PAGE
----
For years I've wondered If Chris Jones is racist.
Here's some backstory. I'm a Korean-American actor who recently moved from Chicago to LA. From 2002 to 2015, I transitioned from improv classes to storefront theater to my Equity card. Over time, I began to wonder if the Chicago Tribune's main theater critic Chris Jones was a racist. I asked several members of the theater community there. We hemmed and hawed, but no one wanted to speak up. Plus, it's a difficult and painful survey -- to go back and calculate the percentage of white plays which get 3.5-4 star reviews vs plays of color which get 3.5-4 star reviews. I started and then stopped because the initial data hurt my heart.
But now I live in LA. And again, I've watched my Asian-American colleagues suffer yet another poor review. There are ripples to prejudiced reviews. The box office receipts are lower, the Asian immigrant community wags its fingers at its youth for pursuing art, theaters across town decide to do another "safe" play, and the whole country just plain loses when people don't confront their racism.
Here's my letter to the Editor of the Tribune which the paper chose to ignore. Let's ask the question: Is Mr Jones racist?
To the Chicago Tribune:
Chris Jones once again gave an Asian play 2.5 stars. Mr. Jones who grew up in a predominantly white society often gives glowing 3.5-4 star reviews to plays centered around white people talking to white people. This is especially true of white plays done by the storefront scene.
However, Mr. Jones does not extend this generosity toward Asian plays. In fact, his reviews are usually out of step with the overall tone of the other reviewers. Timeline's Chimerica is the latest to fall victim to his racist POV. Other excellent productions which were ignominiously subjected to his racist perspective include The White Snake (of which I was in the cast), Blood and Gifts, Yellowface, Kafka on the Shore and Jungle Book. Yes, he gave Chinglish 4 stars, but that play happened to be Broadway material.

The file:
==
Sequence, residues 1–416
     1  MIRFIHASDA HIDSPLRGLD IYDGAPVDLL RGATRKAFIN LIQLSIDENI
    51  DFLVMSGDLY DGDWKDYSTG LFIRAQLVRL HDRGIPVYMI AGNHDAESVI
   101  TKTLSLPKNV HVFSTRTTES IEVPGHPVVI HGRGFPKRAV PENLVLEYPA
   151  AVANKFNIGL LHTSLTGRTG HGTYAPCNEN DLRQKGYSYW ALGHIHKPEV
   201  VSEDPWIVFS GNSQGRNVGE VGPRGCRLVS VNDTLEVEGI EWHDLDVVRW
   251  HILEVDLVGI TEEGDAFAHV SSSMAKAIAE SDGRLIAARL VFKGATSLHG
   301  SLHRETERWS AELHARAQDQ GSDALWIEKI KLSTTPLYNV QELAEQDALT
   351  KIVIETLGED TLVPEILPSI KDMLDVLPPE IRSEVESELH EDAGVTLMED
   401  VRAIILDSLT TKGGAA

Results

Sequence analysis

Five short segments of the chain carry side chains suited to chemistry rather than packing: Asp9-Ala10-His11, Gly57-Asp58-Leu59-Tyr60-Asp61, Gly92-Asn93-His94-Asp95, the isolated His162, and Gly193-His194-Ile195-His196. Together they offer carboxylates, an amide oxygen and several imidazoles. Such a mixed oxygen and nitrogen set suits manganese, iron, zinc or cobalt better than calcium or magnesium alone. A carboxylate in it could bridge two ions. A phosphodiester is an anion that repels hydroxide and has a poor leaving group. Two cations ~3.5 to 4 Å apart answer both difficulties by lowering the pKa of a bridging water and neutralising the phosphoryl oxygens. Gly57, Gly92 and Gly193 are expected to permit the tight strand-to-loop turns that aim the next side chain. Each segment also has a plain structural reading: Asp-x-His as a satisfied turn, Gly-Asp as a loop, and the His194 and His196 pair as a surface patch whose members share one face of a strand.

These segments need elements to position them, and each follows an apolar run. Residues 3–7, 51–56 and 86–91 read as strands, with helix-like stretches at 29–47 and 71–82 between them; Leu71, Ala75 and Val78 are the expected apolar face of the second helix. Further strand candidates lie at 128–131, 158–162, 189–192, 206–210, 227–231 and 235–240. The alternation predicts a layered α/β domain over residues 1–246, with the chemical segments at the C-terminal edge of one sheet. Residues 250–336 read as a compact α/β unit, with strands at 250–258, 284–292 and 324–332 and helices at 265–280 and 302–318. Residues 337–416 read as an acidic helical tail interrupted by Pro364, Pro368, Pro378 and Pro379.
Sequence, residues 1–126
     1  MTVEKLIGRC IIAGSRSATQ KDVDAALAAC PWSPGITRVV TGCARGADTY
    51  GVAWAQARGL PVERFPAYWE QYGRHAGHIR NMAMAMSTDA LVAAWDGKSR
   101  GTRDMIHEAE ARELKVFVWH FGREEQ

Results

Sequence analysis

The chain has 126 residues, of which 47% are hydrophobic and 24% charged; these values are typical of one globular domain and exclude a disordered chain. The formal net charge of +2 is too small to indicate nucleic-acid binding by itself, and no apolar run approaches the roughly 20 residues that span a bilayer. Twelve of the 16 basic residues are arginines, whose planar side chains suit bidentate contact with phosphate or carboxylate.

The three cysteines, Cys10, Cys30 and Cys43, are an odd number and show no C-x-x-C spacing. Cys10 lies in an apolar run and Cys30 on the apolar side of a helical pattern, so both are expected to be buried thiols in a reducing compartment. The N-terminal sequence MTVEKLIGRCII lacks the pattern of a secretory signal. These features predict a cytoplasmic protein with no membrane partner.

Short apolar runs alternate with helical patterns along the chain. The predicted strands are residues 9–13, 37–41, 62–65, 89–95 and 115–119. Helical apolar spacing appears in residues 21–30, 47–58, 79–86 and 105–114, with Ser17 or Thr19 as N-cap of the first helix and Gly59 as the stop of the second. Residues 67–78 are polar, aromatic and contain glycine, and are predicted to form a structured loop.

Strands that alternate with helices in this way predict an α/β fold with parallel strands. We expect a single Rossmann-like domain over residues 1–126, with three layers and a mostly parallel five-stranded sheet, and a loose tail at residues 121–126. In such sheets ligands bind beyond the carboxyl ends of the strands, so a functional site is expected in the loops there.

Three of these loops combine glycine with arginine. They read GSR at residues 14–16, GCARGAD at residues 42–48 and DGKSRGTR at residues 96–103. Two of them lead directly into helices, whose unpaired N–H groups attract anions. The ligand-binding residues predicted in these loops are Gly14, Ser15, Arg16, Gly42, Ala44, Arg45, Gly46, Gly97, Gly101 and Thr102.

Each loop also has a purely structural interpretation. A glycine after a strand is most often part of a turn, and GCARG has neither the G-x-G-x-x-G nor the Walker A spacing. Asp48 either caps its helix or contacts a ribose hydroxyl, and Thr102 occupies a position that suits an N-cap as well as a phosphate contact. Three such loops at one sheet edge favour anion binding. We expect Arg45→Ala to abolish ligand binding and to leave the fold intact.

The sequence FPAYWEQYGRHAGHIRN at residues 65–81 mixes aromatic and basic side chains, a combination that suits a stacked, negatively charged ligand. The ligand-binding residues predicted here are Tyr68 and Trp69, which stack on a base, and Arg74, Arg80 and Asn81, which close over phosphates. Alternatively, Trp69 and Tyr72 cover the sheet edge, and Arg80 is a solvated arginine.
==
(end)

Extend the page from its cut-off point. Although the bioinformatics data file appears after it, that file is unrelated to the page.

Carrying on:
The white theatrical community has benefited greatly from his support of their work and their efforts. A theater critic is part of the industry. They guide and shepherd audience members through the vast array of offerings. But the critic also needs to be mindful of the composition of audiences. Championing white theater is wonderful, but routinely tearing down Asian-American theatrical in-roads is short-sighted and shameful.
Hollywood is coming under fire for its racist practices because it is filled with unconscious racists. These are white people with media power who were raised when the throat of Culture was gripped by the white hegemony. But we now live in a post-Obama America. Power and color are no longer synonymous. Legitimacy and race are no longer tied together by a white rope. Whitewashing on screen is no longer tolerated, and a critic’s blatant derision of yellow faces on stage is vile.
Kafka on the Shore may not have been a perfect production, but it was a cataclysmic event for me. I’d never seen East Asian faces portraying an East Asian story. But tepid reviews kept patrons away, especially traditional Asian immigrants who care very much what the White Man thinks.
It would behoove Chicago's theater scene to examine its deep-seated prejudices. Hedy Weiss was called out for her blatantly racist review of Invasion!. I've stood by long enough while Chris Jones repeatedly writes of his distaste for plays composed of Asian faces. Chicago deserves critics more discerning than that, and Asian-American theatrical professionals deserve more dignified treatment than that.